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Tiki Central Forums Creating Tiki Other Crafts Banana tree pruning question
Banana tree pruning question
Tiki Zen
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Joined: Mar 15, 2007
Posts: 352
From: Too far from the beach Bowling Green, KY
Posted: 2010-06-16 1:02 pm   Permalink

This is my fourth season growing banana trees - started with three and now have about a dozen. Each fall I've cut the trunk/stalk back to about 6' high, dug up the bulb, separated off the bigger pups and stored them in the garage to hibernate over the winter. When I replanted in the spring I cut a bit more off the stalk to get to viable tissue and they've leafted out from there. I've left the stalks fairly long so that the trees are taller from the start.

This winter was hard on them and the stalks were pretty soft. They've now been back in the ground several weeks and are shooting up quite a few pups from the base, but only one has leafed from the old stalk, despite cutting way back to find more viable material.

So, I've got a bunch of little pups and leafless, 4' stalks. Several of the stalks still feel fairly firm toward the bottom - can I go ahead and cut the old stalks down to about ground level, or are they still contributing something to the pups?


 
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littlegiles
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Joined: Jun 08, 2003
Posts: 665
From: Lancaster, SC
Posted: 2010-06-18 4:44 pm   Permalink

Wish I could help you with your Banana tree issues.

There is a website called Gardenweb Forums that might be helpful. Here is a link to the palms section, but you might look around and see if there is a more apropriate section.

http://forums.gardenweb.com/forums/palms/

Good luck.


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TikiTres
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Joined: May 28, 2008
Posts: 263
From: Forney, TX
Posted: 2010-06-20 08:11 am   Permalink

It sounds like you're doing everything right. The main rhyzome will die off eventually as yours has and you have to foster new growth from the pups. Typically if it fruits then the main rhyzome will reduce in size and won't come back the following year, but that can happen even if it doesn't fruit.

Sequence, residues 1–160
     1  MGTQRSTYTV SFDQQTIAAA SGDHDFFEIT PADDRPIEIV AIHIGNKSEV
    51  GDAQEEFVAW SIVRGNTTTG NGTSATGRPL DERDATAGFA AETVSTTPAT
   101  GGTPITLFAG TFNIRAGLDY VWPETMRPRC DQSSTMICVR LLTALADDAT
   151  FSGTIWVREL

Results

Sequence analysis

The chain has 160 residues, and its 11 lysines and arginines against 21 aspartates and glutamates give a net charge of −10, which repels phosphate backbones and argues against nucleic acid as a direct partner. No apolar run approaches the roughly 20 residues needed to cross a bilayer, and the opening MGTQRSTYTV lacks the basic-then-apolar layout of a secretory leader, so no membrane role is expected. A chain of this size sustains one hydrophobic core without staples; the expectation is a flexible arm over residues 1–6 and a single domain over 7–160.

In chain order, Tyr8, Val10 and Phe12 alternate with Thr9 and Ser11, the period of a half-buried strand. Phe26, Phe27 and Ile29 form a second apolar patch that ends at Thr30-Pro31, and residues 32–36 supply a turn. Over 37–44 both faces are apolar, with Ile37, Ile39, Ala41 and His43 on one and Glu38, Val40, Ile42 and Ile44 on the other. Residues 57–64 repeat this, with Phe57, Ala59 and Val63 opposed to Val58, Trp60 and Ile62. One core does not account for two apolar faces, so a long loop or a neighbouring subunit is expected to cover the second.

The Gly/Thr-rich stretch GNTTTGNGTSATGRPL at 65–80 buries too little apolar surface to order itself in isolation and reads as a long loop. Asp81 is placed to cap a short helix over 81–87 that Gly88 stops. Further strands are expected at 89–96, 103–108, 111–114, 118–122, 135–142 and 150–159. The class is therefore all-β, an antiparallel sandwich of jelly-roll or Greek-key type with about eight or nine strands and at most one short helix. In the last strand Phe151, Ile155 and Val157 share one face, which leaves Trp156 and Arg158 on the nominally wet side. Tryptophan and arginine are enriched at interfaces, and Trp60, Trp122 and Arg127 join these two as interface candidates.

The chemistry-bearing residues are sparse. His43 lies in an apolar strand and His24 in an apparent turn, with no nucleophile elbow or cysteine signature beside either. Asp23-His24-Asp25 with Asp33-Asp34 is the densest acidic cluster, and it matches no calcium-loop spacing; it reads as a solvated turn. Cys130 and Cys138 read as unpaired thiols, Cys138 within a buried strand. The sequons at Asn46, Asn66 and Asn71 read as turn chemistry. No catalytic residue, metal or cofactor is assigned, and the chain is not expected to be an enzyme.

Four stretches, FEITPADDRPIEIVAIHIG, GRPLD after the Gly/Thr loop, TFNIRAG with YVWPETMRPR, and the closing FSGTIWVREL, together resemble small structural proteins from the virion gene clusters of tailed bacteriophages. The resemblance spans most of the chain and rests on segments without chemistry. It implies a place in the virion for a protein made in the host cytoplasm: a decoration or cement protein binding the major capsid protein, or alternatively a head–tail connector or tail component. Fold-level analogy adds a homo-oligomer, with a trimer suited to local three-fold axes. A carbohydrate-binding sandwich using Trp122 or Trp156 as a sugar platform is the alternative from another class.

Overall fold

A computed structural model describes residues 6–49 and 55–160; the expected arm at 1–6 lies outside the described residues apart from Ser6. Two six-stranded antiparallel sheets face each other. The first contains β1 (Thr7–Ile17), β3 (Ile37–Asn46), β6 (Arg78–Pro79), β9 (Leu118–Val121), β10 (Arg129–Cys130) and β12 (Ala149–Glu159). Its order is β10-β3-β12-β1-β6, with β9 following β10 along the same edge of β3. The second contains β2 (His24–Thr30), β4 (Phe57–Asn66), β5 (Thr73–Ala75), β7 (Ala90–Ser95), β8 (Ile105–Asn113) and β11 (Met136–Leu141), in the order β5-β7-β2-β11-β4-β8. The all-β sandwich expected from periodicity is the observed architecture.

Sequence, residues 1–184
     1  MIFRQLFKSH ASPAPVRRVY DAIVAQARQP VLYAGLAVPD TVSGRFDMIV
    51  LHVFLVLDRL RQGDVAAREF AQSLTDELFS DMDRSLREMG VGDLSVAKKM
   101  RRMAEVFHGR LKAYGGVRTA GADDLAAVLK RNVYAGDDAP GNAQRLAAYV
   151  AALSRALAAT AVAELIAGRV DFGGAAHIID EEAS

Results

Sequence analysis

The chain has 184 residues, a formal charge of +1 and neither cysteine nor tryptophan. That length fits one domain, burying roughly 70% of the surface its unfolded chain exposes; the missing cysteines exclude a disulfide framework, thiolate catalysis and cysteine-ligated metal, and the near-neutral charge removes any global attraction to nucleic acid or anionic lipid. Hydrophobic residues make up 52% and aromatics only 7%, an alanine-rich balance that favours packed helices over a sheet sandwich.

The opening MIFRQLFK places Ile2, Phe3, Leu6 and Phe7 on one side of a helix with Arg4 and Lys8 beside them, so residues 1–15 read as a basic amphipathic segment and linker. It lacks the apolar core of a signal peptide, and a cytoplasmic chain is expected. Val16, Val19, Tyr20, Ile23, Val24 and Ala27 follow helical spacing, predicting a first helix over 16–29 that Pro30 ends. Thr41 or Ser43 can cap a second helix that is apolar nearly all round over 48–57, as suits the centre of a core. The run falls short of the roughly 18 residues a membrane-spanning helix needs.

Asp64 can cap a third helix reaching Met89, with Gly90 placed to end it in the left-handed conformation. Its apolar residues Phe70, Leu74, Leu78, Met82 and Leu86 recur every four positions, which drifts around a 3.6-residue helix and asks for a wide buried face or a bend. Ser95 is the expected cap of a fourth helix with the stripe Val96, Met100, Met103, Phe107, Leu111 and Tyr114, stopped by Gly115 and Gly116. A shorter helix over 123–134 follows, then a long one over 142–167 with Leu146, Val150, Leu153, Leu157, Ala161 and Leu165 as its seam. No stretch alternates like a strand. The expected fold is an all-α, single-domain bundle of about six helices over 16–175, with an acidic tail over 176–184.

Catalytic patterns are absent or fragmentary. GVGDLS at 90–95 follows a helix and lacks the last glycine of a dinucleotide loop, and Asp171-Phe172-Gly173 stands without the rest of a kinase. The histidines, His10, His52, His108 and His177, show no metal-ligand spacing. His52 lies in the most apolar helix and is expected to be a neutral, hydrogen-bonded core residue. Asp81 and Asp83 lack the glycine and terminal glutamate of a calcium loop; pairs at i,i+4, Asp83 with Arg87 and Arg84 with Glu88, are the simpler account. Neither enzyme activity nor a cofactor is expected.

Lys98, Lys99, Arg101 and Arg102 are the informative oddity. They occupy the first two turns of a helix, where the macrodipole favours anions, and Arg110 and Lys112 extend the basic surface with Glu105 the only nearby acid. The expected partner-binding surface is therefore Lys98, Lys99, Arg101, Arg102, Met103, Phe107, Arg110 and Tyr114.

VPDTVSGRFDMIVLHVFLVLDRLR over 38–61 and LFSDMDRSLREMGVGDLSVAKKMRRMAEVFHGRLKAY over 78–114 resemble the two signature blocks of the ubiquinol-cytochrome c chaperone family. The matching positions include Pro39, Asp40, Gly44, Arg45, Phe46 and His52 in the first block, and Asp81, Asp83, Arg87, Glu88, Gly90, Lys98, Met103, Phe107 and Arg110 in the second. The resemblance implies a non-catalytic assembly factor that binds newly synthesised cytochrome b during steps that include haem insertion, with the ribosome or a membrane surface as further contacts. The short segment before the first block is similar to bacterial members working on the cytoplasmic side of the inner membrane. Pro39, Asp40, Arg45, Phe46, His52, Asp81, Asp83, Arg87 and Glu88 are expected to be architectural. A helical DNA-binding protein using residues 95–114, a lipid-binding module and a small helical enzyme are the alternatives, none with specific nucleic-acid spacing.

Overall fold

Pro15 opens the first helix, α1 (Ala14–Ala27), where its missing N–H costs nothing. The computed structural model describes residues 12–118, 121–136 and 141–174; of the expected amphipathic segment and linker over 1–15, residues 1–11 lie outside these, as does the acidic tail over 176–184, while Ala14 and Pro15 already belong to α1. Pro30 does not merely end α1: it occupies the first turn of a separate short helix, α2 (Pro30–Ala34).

You might play with cutting the main stalk back more, you mentioned leaving them taller so that the plant is taller but in fact it usually has the opposite effect. A buddy of mine had 3 growing in a row that he wanted to have staggered height, so he cut them off at different heights. But when they grew back the one he cut the shortest actually grew the tallest and the tallest cut grew the least, so his stagger was the opposite of what he intended!

Quote: "So, I've got a bunch of little pups and leafless, 4' stalks. Several of the stalks still feel fairly firm toward the bottom - can I go ahead and cut the old stalks down to about ground level, or are they still contributing something to the pups?"

Yes, cut them back. If they haven't sprouted but you're already getting pups then the main stalks are dead and probably the rhyzomes as well.

[ This Message was edited by: TikiTres 2010-06-20 08:12 ]


 
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Tiki Zen
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Joined: Mar 15, 2007
Posts: 352
From: Too far from the beach Bowling Green, KY
Posted: 2010-06-21 09:05 am   Permalink

Thanks for the advice!

 
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bananabobs
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Joined: Feb 16, 2003
Posts: 824
Posted: 2010-08-05 10:10 pm   Permalink

There is a variety called, "Giant Dwarf" it only reaches 6' tall and is plenty hardy and fruits a full size stalk, but I don't think you will ever get fruit there. I bring it up because it would take less time for it to regrow each year.
Somehow, I always think of Groundhogs Day when I read this post.


 
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Tiki Zen
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Joined: Mar 15, 2007
Posts: 352
From: Too far from the beach Bowling Green, KY
Posted: 2010-08-06 11:48 am   Permalink

I did cut the stalks back to ground level shortly after my last posting, with no ill-effects to the pups. They do seem to be growing more slowly this year than in the past.